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Tech ObserverNewsPolicyBigTech braces for more trouble as US top court agrees to hear plea on protection to social media firms

BigTech braces for more trouble as US top court agrees to hear plea on protection to social media firms

The Supreme Court also agreed to hear a separate appeal by Twitter Inc of the lower court's decision to revive a similar lawsuit against that company.

The Supreme Court also agreed to hear a separate appeal by Twitter Inc of the lower court's decision to revive a similar lawsuit against that company.

Amid growing data concerns and the role of US BigTech companies in securing citizen rights, the US Supreme Court on Monday agreed to hear a challenge to federal protections for internet and companies freeing them of responsibility for content posted by users in a case involving an American student fatally shot in a 2015 rampage by Islamist militants in Paris.

The US Supreme Court justices took up an appeal by the parents and other relatives of Nohemi Gonzalez, a 23-year-old woman from California who was studying in Paris, of a lower court’s ruling that cleared LLC-owned YouTube of wrongdoing in a lawsuit seeking monetary damages that the family brought under a US anti-terrorism law. Google and YouTube are part of Alphabet Inc.

The Supreme Court also agreed to hear a separate appeal by Twitter Inc of the lower court’s decision to revive a similar lawsuit against that company, though not on the basis of Section 230.

The lawsuit against Google accused it of materially supporting terrorism in violation of the Anti-Terrorism Act, a federal law that allows Americans to recover damages related to “an act of international terrorism.” The lawsuit alleged that YouTube, through computer algorithms, recommended videos by the Islamic State militant group, which claimed responsibility for the Paris attacks, to certain users.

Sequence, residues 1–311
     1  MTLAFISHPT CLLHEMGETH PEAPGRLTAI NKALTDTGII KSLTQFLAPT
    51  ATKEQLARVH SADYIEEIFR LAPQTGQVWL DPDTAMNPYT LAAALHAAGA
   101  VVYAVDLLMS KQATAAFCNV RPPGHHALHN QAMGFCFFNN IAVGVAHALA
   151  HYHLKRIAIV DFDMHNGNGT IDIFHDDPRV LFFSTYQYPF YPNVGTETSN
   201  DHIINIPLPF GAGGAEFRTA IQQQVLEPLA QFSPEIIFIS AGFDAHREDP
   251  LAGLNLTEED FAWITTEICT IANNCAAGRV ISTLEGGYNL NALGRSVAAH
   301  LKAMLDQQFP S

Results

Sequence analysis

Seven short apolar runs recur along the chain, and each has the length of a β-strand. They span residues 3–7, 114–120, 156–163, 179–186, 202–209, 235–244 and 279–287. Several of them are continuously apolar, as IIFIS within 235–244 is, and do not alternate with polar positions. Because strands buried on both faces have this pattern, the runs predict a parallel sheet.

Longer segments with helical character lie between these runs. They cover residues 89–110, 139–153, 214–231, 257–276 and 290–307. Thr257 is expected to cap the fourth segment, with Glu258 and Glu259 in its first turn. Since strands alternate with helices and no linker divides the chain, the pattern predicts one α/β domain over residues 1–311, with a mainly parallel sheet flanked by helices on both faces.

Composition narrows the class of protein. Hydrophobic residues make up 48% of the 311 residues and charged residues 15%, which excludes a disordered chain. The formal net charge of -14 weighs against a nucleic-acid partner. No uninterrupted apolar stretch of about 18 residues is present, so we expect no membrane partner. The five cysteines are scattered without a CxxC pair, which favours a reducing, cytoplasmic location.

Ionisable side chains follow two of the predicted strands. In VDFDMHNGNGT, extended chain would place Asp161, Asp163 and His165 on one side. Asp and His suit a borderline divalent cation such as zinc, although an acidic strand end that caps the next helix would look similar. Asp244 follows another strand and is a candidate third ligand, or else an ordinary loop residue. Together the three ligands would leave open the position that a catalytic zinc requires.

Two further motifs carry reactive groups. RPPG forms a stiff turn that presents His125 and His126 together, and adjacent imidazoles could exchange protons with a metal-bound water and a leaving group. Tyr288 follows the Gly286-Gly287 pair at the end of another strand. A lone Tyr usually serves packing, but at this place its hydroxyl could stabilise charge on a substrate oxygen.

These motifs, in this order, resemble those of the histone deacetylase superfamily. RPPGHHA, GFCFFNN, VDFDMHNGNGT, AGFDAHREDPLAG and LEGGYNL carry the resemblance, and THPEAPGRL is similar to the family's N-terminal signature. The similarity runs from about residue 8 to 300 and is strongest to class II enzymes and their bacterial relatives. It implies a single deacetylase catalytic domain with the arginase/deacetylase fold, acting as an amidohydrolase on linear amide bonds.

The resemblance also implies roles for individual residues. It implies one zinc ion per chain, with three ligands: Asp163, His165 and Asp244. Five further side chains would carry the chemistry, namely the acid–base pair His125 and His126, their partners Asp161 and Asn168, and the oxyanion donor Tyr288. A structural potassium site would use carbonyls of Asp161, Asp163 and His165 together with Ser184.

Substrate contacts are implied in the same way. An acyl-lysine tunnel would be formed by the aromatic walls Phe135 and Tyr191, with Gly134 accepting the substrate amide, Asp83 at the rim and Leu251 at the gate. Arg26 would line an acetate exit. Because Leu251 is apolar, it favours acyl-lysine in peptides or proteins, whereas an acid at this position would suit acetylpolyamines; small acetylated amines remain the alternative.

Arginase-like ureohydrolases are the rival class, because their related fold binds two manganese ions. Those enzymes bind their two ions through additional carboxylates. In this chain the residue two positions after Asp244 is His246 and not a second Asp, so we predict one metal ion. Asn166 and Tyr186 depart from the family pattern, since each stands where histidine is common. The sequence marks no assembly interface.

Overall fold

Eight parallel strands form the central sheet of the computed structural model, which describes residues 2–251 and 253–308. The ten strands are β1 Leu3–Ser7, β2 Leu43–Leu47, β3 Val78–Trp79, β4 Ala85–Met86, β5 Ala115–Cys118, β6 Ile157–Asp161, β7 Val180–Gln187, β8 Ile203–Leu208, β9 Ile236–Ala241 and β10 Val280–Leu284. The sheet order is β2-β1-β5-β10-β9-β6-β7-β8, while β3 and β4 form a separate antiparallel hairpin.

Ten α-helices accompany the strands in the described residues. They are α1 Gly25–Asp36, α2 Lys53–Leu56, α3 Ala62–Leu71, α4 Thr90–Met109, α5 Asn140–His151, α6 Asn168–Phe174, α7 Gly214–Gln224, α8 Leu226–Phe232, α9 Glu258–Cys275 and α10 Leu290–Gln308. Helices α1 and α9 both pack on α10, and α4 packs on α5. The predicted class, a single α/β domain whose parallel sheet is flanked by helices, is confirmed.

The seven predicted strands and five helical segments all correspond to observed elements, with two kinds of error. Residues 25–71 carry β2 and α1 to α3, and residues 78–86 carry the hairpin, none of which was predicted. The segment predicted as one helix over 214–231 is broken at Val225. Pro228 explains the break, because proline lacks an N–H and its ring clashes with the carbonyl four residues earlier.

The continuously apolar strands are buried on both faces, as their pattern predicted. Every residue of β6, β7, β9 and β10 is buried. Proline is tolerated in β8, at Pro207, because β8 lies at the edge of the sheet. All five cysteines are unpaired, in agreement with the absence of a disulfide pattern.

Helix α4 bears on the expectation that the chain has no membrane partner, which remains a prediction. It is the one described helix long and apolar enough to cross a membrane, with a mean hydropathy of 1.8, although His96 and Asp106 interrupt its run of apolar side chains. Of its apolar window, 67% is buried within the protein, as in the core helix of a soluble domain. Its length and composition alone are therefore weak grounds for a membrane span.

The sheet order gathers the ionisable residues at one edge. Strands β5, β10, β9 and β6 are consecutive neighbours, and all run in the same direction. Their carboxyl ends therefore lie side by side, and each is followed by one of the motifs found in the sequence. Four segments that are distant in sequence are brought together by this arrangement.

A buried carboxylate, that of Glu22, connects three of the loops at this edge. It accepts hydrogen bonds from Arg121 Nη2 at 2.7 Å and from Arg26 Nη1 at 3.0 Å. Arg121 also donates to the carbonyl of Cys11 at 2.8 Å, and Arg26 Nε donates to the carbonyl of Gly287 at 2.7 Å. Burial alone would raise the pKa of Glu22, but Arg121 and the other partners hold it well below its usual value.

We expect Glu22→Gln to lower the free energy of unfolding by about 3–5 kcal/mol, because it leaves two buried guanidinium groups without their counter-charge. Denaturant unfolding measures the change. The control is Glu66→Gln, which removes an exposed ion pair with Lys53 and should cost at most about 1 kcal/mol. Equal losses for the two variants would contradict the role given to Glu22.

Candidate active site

The San Francisco-based 9th US Circuit Court of Appeals in 2021 dismissed the lawsuit in a ruling relying largely on another law, known as Section 230 of the Communications Decency Act of 1996.

Section 230, enacted before the rise of today’s major social media companies, protects “interactive computer services” by ensuring they cannot be treated as the “publisher or speaker” of any information provided by other users.

The lawsuit argued that such immunity should not apply when the company’s platform recommends certain content via algorithms that identify and display content most likely to interest users, based on how people use the service.

Section 230 has drawn criticism from across the political spectrum. Democrats have faulted it for giving social media companies a pass for spreading hate speech and misinformation.

Republicans painted it as a tool for censorship of voices on the right, especially after and other platforms banned then-President Donald Trump after a mob of his supporters attacked the US Capitol in a deadly riot on January 6, 2021. Trump as president unsuccessfully sought its repeal.

Gonzalez was among 130 people killed in Paris during the 2015 attacks that included suicide bombings and mass shootings. She was at a bistro called La Belle Equipe when militants fired on the crowd of diners.

The plaintiffs said that YouTube’s algorithm helped Islamic State spread its militant message by recommending to users the group’s videos including those aimed at recruiting jihadist fighters and that the company’s “assistance” was a cause of the 2015 attacks.

In the case against Twitter, American family members of Nawras Alassaf, a Jordanian citizen who died in a nightclub mass shooting in 2017 in Istanbul also claimed by Islamic State, accused the social media company of violating the anti-terrorism law by failing to police the platform for Islamic State accounts or posts.

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